U.S Sanctions regime- Cuba

Date: 02/10/2015
Source: Leigh Hannson- Reed Smith

Despite the recent amendments to the U.S. Sanctions regime concerning Cuba, the prohibitions remain largely in place. However, there has been some change to the 180-day rule which are relevant to the shipping sector and should be noted.  

Scope of application

The U.S. Department of Treasury’s Office of Foreign Assets Control (“OFAC”) administers a Cuba sanctions program under the Cuban Assets Control Regulations ( “CACR” ) which prohibits U.S. persons from directly or indirectly exporting or re-exporting any goods, technology or service to or from Cuba.  U.S. Persons are prohibited from engaging in transactions with Cuba and Cuban nationals and any transactions involving property in which Cuba or a Cuban national has an interest.  “Property” and “property interest” include contracts of any nature whatsoever and services and OFAC specifically prohibits evasive behavior that attempts to violate the provisions. The sanctions apply to:

(1) U.S. citizens or permanent resident aliens, wherever located (e.g., a U.S. green card holder living and working in Europe)

(2) entities, including their foreign branches, organized under the laws of the United States or any jurisdiction within the United States

(3) any person or entity in the United States (e.g., a foreign person in Washington, D.C.).

(4) all foreign subsidiaries of U.S. companies.

Recent Amendments

On January 16, 2015, OFAC’s regulations were amended to implement a new U.S. policy towards Cuba.  These changes, inter alia, eased restrictions on travel to Cuba for certain purposes, modified a general license authorizing personal remittances to Cuba, allowed U.S. financial institutions to open correspondent accounts at Cuban financial institutions to facilitate the processing of authorized transactions, authorized certain transactions with Cuban nationals located outside of Cuba, and allowed a number of other activities related to telecommunications, financial services, trade, and shipping.  On September 21, 2015 new amendments that further relax restrictions on Cuba took effect.  Broadly, the new September 2015 amendments work to facilitate already authorized activities, expand the scope of certain general licenses, and further remove restrictions on remittances.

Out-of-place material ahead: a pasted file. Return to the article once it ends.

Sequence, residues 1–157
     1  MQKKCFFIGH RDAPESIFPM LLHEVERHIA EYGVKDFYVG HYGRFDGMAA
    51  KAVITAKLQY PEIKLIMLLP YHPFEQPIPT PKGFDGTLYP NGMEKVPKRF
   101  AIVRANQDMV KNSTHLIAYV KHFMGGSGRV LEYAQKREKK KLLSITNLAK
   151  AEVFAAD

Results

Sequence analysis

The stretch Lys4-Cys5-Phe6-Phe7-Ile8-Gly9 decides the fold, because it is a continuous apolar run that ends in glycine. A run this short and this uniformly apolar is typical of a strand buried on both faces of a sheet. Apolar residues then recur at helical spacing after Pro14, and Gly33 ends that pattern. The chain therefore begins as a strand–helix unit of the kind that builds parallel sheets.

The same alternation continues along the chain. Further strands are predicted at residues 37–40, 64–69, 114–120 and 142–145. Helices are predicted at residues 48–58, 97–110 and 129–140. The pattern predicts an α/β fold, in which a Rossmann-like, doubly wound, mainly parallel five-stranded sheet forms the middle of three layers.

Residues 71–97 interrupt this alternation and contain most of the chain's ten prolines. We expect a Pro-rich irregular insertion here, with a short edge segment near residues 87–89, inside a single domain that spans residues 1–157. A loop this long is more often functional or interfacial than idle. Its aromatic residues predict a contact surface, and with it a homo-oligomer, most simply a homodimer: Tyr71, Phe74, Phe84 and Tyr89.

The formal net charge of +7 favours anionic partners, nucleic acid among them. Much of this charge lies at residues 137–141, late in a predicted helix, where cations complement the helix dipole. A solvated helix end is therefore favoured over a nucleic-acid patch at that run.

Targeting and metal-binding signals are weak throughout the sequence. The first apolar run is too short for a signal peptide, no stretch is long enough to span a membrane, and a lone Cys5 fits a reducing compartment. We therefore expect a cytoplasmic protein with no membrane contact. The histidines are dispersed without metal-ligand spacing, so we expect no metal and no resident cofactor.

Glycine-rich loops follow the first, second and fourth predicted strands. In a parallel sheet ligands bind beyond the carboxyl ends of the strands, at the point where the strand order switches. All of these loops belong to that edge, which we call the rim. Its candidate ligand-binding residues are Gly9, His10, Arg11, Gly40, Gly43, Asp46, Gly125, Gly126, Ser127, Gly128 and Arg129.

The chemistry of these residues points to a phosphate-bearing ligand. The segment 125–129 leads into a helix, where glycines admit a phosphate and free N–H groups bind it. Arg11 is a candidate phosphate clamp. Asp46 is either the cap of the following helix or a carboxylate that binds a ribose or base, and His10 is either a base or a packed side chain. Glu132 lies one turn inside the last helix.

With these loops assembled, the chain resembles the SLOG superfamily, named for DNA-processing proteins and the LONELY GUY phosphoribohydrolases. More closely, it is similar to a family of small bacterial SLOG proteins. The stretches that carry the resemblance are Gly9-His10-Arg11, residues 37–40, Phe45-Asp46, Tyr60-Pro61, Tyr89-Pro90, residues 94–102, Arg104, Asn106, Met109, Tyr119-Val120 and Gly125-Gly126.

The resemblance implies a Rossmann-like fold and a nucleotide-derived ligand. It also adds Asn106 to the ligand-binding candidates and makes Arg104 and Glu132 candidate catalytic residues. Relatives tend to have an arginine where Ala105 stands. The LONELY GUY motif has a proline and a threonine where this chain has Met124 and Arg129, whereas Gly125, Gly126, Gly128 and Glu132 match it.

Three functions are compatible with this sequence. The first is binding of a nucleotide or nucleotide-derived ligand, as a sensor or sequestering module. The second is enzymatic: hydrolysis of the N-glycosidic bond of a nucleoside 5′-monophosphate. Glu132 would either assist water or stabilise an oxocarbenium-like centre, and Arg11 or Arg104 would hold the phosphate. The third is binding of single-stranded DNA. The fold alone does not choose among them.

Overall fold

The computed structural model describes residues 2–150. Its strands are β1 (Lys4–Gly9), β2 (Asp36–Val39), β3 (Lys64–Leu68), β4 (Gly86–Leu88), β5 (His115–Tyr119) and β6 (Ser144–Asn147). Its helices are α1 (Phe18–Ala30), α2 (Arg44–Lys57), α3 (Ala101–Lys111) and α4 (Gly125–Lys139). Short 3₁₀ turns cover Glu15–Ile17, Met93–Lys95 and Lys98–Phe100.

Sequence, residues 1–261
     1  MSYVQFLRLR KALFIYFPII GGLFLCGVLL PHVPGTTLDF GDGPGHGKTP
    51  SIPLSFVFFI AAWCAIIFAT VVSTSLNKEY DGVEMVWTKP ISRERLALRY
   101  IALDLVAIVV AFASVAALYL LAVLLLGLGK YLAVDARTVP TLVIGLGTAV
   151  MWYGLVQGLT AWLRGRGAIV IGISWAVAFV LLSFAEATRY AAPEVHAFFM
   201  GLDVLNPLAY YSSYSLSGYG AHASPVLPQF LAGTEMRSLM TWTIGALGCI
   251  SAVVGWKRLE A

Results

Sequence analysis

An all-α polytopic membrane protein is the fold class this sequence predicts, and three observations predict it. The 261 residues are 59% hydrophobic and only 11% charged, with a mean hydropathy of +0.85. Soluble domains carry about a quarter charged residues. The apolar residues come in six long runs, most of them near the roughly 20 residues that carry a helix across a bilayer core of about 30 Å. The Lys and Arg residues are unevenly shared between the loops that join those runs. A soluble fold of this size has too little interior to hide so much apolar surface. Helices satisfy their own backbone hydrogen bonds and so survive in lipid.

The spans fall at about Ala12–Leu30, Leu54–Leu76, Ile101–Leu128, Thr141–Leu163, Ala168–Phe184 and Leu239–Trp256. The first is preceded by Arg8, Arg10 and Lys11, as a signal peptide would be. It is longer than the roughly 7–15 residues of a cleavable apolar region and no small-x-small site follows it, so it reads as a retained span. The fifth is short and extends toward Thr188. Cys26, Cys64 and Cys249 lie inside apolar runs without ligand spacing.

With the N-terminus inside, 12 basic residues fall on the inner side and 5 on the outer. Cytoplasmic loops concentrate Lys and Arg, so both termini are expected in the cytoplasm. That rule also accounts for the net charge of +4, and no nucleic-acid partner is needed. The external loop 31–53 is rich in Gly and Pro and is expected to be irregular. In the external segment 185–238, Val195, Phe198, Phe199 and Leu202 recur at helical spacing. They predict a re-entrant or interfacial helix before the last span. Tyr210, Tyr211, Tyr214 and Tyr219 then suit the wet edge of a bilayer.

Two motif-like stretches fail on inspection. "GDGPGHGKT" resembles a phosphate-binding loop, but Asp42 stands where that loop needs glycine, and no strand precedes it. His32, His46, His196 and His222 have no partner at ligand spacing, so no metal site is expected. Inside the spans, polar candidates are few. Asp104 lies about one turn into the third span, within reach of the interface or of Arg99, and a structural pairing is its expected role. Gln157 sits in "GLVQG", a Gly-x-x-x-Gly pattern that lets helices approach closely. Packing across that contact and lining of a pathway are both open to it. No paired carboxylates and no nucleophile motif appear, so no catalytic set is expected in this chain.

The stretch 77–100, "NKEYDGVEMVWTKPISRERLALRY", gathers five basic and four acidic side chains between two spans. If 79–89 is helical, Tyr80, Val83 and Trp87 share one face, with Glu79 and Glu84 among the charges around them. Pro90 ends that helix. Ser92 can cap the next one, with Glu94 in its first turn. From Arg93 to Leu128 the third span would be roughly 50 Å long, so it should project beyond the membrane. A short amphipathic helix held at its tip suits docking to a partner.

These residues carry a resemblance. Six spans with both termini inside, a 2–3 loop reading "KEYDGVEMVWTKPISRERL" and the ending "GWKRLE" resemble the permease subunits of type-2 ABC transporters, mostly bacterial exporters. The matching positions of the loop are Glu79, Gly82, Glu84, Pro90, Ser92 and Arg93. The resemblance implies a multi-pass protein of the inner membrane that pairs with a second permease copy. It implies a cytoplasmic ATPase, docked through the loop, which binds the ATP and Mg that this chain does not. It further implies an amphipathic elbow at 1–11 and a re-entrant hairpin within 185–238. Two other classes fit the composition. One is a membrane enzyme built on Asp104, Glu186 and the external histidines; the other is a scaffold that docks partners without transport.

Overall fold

However, unless a general license has been obtained or an exception applies, the prohibition on dealing with Cuban interests is still in place.  

Amendments to the 180-day Rule

Significant to shipping, certain amendments have been made to the 180-day rule which prohibits a ship from calling into a U.S. port for 180 days after departing from a port of place in Cuba.

Under the current regulations, no vessel  that enters a port or place in Cuba to engage in the trade of goods or the purchase or provision of services, may enter a U.S. port for the purpose of loading or unloading freight for a period of 180 days from the date the vessel departed from a port or place in Cuba. This prohibition may now be waived if the following conditions are met.:

  • A vessel is engaging in trade with Cuba and the exportation from the United States to Cuba or re-exportations of 100% U.S.-origin items to Cuba, or negotiation of executory contracts is authorized by a license from the Department of Commerce’s Bureau of Industry and Security.
  •  A vessel is engaging in trade authorized by a general or specific license for certain exports and import transactions by U.S.-owned or -controlled foreign firms.
  • A vessel is engaging in trade that is exempted by the regulations, such as in the export of information or information materials, or the donation of food.
  •  A vessel that is engaging or has engaged in the exportation or re-exportation to Cuba from a third country of agricultural commodities, medicine, or medical devices that would be designated as EAR99 under the Export Administration Regulations if they were located in the United States.
  •  A foreign vessel that has entered a port or place in Cuba while carrying students, faculty, and staff who are authorized to travel to Cuba pursuant to a general license for certain educational activities.
  • A foreign vessel that is carrying or has carried persons between the United States and Cuba or within Cuba, but only if such vessel is authorized to do so because the underlying travel of the persons is authorized by the regulations (e.g., vessels are now authorized under a general license to provide travel-related or carrier-related services between the United States and Cuba or within Cuba, of persons, baggage and cargo, in connection with travel-related transactions authorized by the regulations).  Please note that carriage to or from Cuba of any item subject to the Export Administration Regulations (15 CFR part 730 et seq.) may also require separate authorization from the Department of Commerce.
  • A foreign vessel that is used solely for personal travel (and not transporting passengers), but only if there is also a license or other authorization issued by the Department of Commerce for the exportation or re-exportation of the vessel itself to Cuba.

For all other vessels, the 180 day rule remains in effect. For authorized shipments from the U.S. to Cuba, the regulations have been modified to change payment requirements from cash before shipment, to cash before transfer of title to the goods. This change means that payment need not be made before goods are shipped to Cuba, but must be made before the goods are discharged in Cuba.

We are grateful to Leigh Hannson of Reed Smith for this update.

For further information, visit their website here:

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